-Mir



7 billion, one nation, imagination...it's a beautiful day
User currently offlineTWFirst From Vatican City, joined Apr 2000, 6346 posts, RR: 52
Reply 11, posted (9 years 1 month 5 days 2 hours ago) and read 1020 times:

Quoting Kykevin54 (Reply 8):
No, but voters sure do, and if you think that religious values can be kept out of the voting both, then you're dreaming. Majority rules, I'm afraid. Sometimes, the majority chooses poorly. But if we're not okay with the awful injustices that occur because of it, then we better move to North Korea. I hear that it's much better there

WRONG, WRONG, and REALLY INCORRECT.

You need one of Gigneil's lessons in how a REPUBLIC, i.e. our government, works. We are not a pure democracy. As a very simple example, if "majority rules" were really the case, then Al Gore would have been elected president in 2000, yes? He won 500,000 more votes.

On the contrary, our system of government was set up to protect the rights of minorities. If "majority rules" were really the case, racial segregation would still be allowed.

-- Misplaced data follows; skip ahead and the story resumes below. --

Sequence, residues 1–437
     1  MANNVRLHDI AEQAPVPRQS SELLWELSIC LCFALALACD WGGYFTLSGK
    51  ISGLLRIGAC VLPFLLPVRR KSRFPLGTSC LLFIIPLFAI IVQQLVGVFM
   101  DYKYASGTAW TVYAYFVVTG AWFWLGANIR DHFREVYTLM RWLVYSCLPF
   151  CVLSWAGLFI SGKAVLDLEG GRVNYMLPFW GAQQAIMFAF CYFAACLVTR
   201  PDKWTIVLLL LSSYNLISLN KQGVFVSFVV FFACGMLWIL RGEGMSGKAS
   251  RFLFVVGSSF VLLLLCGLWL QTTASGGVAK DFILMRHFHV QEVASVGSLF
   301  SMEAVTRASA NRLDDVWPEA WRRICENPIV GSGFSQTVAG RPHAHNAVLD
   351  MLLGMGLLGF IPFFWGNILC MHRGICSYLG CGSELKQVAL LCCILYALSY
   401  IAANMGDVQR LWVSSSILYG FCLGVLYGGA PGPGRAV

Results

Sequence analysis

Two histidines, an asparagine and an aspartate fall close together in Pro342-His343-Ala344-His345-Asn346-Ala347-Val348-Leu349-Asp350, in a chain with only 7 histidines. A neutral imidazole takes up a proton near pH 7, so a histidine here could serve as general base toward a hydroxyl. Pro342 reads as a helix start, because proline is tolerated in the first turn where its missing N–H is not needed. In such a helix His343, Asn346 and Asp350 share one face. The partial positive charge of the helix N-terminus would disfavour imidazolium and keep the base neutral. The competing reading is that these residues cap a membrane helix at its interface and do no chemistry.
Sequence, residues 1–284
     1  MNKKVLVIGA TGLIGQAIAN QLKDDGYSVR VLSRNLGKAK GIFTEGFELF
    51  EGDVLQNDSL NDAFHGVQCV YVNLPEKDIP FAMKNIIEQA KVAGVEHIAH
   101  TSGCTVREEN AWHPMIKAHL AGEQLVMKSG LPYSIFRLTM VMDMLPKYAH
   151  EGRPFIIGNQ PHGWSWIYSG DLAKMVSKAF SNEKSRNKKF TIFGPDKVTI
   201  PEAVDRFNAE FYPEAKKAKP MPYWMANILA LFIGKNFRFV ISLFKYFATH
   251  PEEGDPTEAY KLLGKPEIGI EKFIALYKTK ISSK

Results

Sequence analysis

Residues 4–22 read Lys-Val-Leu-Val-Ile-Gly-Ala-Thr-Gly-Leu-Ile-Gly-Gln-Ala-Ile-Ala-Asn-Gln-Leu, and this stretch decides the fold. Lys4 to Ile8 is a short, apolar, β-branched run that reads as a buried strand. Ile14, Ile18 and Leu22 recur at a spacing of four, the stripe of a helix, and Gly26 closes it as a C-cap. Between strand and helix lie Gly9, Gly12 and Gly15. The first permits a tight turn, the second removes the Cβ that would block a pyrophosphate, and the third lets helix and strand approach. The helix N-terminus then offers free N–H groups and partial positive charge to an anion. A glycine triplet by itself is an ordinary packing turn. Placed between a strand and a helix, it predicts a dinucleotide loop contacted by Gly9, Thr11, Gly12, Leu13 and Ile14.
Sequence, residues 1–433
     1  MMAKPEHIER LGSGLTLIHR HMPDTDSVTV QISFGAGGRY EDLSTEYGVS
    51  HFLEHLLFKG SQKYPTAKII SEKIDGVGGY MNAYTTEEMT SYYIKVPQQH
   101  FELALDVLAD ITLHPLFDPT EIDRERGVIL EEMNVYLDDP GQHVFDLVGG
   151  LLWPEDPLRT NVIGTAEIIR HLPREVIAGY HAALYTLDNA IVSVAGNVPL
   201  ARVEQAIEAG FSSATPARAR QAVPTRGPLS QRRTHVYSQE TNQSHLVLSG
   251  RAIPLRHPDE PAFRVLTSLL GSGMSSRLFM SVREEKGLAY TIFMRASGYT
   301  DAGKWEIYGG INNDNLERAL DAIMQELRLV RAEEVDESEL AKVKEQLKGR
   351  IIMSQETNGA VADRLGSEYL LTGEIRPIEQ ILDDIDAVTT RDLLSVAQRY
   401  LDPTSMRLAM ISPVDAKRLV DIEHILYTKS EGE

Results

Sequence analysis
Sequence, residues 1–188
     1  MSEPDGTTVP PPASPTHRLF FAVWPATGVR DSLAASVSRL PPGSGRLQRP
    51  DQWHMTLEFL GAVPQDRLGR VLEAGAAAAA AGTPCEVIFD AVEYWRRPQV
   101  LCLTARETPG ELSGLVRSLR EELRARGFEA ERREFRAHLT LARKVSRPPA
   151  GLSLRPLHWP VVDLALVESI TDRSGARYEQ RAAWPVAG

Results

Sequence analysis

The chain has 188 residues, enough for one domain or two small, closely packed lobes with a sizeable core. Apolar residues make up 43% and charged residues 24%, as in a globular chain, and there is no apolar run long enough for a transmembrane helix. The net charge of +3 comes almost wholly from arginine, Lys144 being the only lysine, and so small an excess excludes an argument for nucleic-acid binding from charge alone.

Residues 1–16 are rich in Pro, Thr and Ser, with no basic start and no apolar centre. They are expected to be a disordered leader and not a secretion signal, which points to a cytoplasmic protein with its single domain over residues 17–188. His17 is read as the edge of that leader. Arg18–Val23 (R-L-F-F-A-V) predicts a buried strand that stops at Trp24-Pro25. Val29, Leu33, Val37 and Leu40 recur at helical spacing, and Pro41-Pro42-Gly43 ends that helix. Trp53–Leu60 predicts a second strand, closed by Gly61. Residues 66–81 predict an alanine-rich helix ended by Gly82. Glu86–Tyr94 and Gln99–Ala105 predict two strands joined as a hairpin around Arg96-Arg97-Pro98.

Fundamental Christians DO NOT have a "right" to oppress gays and lesbians... even if it is "what they believe is right"... and that is what their actions are...oppression, and that is why gays are upset and refer to them as bigots... because their intentions are to limit rights to a group of citizens based solely on the nature of those people. Gays, on the other hand, have never sought to limit Christians from practicing their religion.



An unexamined life isn't worth living.
User currently offlineConcordeBoy From , joined Dec 1969, posts, RR:
Reply 12, posted (9 years 1 month 5 days 2 hours ago) and read 1006 times:

Quoting Kykevin54 (Reply 8):
Majority rules, I'm afraid.

...that's why we have what's called a Constitution, genius--- so ensure that the majority does NOT automatically rule.

Quoting TWFirst (Reply 11):
You need one of Gigneil's lessons in how a REPUBLIC, i.e. our government, works.

Holistically agree, smack 'im down Giggy.


User currently offlineJaysit From , joined Dec 1969, posts, RR: